Until relatively recently, the healthcare industry has enjoyed increasing revenues with limited barriers to market access for their products. The strength of clinical evidence, in the form of efficacy and safety, has historically been the primary determinant of market access success. Multiple macro-economic and cost-containment factors have changed this.
Across the globe we see governments scrambling to implement increasingly sophisticated cost-control measures to manage the growing health demands of their ageing populations. Numerous barriers to access are stacking up, including enforced price reductions, mandatory discounts, price capping, increased use of risk sharing schemes and the publication of guidelines limiting clinical indications to strict patient sub-populations. In the face of these multiple barriers, gaining optimal access is becoming increasingly challenging.
In today's environment, the industry needs to demonstrate product value beyond clinical evidence, to an ever-evolving audience. As well as engaging traditional clinical stakeholders, we now need to effectively communicate with a host of different payers (or 'investors in health'), driven by distinct priorities.
Investors in Health
The term 'payer' is an industry-developed term, commonly used to describe those stakeholders within the healthcare system who hold or influence healthcare budget, i.e. a stakeholder who 'pays' for healthcare. The majority of 'payers' would arguably view their role as something that goes beyond simply 'paying' for healthcare and instead encompasses a role that could be better termed, an 'investor in health', with the responsibility to achieve the most return (health gain across a population) on investment.
The way messages are communicated, or education initiatives are designed will depend upon the distinct priorities of a specific 'investor in health' audience, from those focused purely on cost containment, to those driven by quality of care, or achieving value for money. In order to develop relevant and effective initiatives, it is critical to understand what is valuable to these different 'investors in health', what their challenges are. Importantly, industry and 'investor in health' agendas need to align – both parties need to establish how to work together to deliver value and improve access to achieve the most health gain for a population. Establishing sustained and trusted collaborations with 'investors in health' will help to achieve common goals.
About inVentiv Health Communications/Europe
About inVentiv Health
From an 'investor in health' perspective, it is critical to understand a product's value in terms of health gain across four core areas; 1) the unmet need, including comparative effectiveness with existing therapies 2) the clinical outcomes, in terms of efficacy and safety, 3) the patients' experience, such as quality of life and patient reported outcomes and 4) the whole system, encompassing health economic evidence and societal impact. The area of focus across these different core areas will depend on the individual 'investor in health' needs. As healthcare marketeers, it is our responsibility to craft effective, evidence based messages across these four core areas, and then to understand how to adapt these messages to resonate with distinct 'investor in health' priorities. To do this we need to be creative in our methods of communication and education.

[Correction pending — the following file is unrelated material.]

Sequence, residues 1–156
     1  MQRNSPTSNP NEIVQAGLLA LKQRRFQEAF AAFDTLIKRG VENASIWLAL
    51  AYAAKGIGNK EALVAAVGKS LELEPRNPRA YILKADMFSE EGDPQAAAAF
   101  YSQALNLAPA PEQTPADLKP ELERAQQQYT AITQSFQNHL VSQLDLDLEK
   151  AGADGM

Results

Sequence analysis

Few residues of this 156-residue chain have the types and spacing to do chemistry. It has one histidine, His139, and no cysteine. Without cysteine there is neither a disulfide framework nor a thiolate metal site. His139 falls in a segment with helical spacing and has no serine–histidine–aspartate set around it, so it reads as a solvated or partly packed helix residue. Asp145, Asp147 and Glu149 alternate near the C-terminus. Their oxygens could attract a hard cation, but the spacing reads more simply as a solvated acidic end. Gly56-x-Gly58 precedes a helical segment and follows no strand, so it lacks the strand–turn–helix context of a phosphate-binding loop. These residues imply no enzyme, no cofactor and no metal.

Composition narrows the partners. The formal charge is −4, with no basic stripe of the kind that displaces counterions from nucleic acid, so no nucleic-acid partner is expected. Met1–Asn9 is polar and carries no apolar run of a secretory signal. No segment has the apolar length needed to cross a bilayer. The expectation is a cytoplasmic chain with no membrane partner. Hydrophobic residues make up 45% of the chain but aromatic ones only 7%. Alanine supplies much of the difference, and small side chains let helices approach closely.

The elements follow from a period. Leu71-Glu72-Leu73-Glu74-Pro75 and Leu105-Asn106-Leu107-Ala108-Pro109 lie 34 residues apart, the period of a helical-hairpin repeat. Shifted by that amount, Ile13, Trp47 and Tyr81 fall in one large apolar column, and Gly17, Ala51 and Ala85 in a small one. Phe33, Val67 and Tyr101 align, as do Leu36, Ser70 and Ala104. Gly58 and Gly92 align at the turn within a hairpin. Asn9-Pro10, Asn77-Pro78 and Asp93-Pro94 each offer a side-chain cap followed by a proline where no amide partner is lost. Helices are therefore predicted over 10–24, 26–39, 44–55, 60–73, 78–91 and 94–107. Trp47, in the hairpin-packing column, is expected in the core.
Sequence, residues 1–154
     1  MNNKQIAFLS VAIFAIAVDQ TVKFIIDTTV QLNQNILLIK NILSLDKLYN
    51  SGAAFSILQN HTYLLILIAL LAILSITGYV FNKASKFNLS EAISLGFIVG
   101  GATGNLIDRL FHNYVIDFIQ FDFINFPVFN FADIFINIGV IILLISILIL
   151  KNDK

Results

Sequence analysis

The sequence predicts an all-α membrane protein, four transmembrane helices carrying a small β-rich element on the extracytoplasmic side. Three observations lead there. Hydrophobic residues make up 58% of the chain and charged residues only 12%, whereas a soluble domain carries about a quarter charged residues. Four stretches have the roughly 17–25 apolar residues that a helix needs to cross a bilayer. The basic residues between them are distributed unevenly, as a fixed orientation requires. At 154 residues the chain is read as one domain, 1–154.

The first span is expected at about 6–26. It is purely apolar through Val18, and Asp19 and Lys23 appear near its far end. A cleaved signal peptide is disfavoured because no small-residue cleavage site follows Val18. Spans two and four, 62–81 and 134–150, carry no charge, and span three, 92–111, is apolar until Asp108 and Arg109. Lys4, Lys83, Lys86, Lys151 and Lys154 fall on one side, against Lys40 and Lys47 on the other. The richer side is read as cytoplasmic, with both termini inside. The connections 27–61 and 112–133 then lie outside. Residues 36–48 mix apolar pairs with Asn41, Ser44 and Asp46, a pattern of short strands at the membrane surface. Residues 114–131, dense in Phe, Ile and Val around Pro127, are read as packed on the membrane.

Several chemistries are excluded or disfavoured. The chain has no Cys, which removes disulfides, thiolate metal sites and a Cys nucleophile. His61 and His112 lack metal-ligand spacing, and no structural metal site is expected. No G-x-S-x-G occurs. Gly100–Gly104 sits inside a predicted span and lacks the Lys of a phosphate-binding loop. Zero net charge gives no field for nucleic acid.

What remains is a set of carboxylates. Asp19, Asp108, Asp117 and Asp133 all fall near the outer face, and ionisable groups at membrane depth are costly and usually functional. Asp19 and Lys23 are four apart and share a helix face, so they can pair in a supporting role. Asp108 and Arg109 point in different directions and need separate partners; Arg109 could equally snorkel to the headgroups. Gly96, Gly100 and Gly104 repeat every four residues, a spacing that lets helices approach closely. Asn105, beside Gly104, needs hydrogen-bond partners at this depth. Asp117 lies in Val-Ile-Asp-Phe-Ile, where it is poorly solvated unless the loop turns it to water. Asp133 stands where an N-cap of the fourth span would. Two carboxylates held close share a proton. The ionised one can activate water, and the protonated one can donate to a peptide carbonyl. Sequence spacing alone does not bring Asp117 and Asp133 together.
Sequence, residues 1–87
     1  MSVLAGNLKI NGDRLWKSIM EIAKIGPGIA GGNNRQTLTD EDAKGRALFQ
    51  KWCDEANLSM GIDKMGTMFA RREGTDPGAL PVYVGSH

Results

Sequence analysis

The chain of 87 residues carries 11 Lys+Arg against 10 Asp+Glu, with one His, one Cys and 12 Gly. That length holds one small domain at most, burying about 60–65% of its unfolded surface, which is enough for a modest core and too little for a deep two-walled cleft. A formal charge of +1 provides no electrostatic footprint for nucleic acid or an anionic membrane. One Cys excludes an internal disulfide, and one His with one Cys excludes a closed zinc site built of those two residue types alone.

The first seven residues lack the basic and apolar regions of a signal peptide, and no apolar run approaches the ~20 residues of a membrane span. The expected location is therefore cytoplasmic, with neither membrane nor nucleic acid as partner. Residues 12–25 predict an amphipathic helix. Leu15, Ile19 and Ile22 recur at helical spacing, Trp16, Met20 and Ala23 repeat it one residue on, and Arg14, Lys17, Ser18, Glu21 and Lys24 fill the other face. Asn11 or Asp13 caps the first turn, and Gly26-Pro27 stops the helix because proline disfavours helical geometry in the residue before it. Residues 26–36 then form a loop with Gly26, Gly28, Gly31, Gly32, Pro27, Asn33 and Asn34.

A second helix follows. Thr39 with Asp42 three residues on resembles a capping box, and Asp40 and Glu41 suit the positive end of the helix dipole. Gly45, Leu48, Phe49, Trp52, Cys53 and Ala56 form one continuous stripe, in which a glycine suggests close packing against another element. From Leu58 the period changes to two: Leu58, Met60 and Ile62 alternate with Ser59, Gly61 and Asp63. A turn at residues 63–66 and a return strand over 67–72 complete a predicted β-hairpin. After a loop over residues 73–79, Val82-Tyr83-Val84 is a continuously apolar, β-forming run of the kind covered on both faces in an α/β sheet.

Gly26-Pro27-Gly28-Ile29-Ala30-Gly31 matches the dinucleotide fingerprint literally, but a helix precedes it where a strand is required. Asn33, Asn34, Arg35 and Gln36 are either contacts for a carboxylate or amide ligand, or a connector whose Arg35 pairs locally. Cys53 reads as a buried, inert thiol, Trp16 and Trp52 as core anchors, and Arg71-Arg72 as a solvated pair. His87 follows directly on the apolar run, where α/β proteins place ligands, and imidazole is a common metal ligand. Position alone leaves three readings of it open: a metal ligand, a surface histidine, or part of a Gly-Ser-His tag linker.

At inVentiv Health Communications, we are firm believers in the importance of education and communication with a diverse group of stakeholders to demonstrate value and improve access. We work with 'investors in health', and our client partners to build a value story, and to design and execute relevant and impactful initiatives that resonate and drive behaviour change.
We take a holistic view to market access in order to truly understand our stakeholders' perspectives. We know one size doesn't fit all and push ourselves to explore the complexity and diversity of our stakeholders' worlds to recognise what underpins decision making to determine access.
Drawing upon an unparallelled breadth of insight and expertise from across the globe, the combination of local and regional knowledge facilitates a unique understanding of stakeholders needs to frame multi-disciplinary solutions. The ability to map diverse stakeholders and understand their motivations is ever more critical within today's increasingly complex healthcare environment. By assessing market nuances, drawing on experiences across markets to understand the global evolving dynamics and learning from different healthcare models, we can inform effective and innovative strategies.
We are all driven to improve access to medicines and effective care and make a tangible difference to global health – by working together and understanding the needs of the diverse 'investors in health' stakeholders, these important objectives can be made a reality.
Sarah Giles (left), inVentiv Health Communications/Europe and Asia Pacific, Market Access and Engagement
Sally Irvine (right), inVentiv Health Communications/Europe, Market Access and Engagement